Clause and Its Types

The expression of a complete proposition by smallest grammatical unit is known as clause. Basically, a clause contains both predicate and subject. There could be one or more than one clauses in the sentence. A sentence that consists of just one clause is known as a simple sentence. For example: I went New York. She liked Mexico. There are various types of clause which are explained below:

Coordinate Clauses

A sentence which consists of 2 clauses and joined by conjunctions such as: or, and, etc. These clauses are known as coordinate clauses and sentence with these clauses is called compound sentence.  
For example: Bobby went for fishing and Shan liked cow.

Subordinate Clauses

Subordinate clauses have a verb and a subject, but do not make any sentence by themselves. These clauses usually start with words such as: because, if, who, when, even, unless, while, etc. Usage of these words depends on the subordinate and main clause.
For example: Unless George completes his assignment (subordinate clause), he will have to stay (main clause)

Adverbial Clause of Concession

A subordinate clause that tells you something surprising connected with the main clause is called adverbial clause of concession or contrast.
For example: He has decided to retire, although he is only 55.

Adverbial Clause of Time

Adverbial clause of time is also a subordinate clause that tells about time of action in the main clause. This type of clause starts with before, since, while, etc.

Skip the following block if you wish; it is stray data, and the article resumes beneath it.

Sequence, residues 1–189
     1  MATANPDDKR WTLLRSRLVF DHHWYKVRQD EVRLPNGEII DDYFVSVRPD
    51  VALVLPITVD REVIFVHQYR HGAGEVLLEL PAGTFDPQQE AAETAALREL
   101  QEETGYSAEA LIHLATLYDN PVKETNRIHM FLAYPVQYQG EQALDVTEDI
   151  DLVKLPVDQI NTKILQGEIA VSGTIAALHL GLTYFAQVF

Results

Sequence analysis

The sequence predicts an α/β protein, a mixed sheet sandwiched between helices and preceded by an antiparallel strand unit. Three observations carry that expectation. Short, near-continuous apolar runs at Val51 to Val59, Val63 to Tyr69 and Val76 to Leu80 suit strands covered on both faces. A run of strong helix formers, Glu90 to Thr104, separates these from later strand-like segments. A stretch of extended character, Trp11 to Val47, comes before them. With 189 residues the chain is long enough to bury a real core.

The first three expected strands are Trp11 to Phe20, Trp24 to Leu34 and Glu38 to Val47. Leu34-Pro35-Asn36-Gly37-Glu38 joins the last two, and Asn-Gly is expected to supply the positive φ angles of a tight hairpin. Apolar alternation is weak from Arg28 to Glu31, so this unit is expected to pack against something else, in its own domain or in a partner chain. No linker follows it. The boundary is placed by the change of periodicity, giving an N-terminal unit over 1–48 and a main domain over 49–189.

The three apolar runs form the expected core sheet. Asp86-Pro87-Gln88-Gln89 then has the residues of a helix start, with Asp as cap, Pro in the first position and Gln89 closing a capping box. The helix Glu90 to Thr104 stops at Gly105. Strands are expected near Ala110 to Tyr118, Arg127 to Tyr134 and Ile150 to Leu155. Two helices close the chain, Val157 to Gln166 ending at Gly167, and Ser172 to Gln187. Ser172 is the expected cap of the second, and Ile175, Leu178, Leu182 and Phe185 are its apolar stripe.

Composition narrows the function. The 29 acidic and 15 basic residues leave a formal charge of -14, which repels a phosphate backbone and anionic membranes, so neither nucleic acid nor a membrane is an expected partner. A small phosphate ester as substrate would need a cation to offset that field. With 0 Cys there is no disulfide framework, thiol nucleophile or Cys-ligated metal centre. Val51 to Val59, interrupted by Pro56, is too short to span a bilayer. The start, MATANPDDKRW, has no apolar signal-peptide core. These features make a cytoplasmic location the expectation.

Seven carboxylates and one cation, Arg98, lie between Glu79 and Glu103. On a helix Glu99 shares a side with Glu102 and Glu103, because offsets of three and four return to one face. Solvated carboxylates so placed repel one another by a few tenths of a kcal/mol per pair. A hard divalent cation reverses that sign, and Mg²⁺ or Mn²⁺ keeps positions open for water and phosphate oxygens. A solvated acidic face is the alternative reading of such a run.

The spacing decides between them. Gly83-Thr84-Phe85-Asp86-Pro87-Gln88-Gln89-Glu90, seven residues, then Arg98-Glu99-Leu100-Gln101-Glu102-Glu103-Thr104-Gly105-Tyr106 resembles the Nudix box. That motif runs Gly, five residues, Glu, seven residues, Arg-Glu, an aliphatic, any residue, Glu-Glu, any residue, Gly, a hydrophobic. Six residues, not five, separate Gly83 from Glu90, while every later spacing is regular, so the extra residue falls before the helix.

For example: Prepare yourself before exams.

Adverbial Clause of Reason

A subordinate clause that gives the reason for the action in the main clause is known as adverbial clause of reason.
For example: John was absent, because he was ill.

Adverbial Clause of Purpose

A subordinate clause that tells the purpose of the action in the main clause is known as adverbial clause of purpose. 
For example: They are working hard, so that they will do well in the exam.

Conditional Clauses

A subordinate clause beginning with if or unless is known as conditional clause. These clauses say what the conditions or circumstances are for something to happen.
For example: Buy some more milk, if there is none in the fridge.

Adverbial Clause of Result

A subordinate clause that tells the result of the action in the main clause is known as adverbial clause of the result.
For example: It was so hot, that the cheese melted.

Relative Clause

A Relative clause is a clause that describes a person or thing in the main clause is known as relative clause.
For example: She dislikes people who are rude.

Adverbial Clause of Place

It is a subordinate clause where the action in the main clause is known as adverbial clause of place.
For example: Stay where you are!

Adverbial Clause of Manner

A clause that tells the way the action in main clause happen is known as adverbial clause of the manner. Some of the important conjunctions used in this clause are: as, like, the way.
For example: They never informed me about the problem the way I wanted them to inform.

More Conditional Clause

There are some conditional clauses that talk about unreal or imagined situations.
For example: We could fly in the air, if we had wings like birds.

Noun Clause

A noun clause is a clause that tells about what someone says, thinks are asks. It is also known as complement clause.
For example: It was announced that Shan had won.

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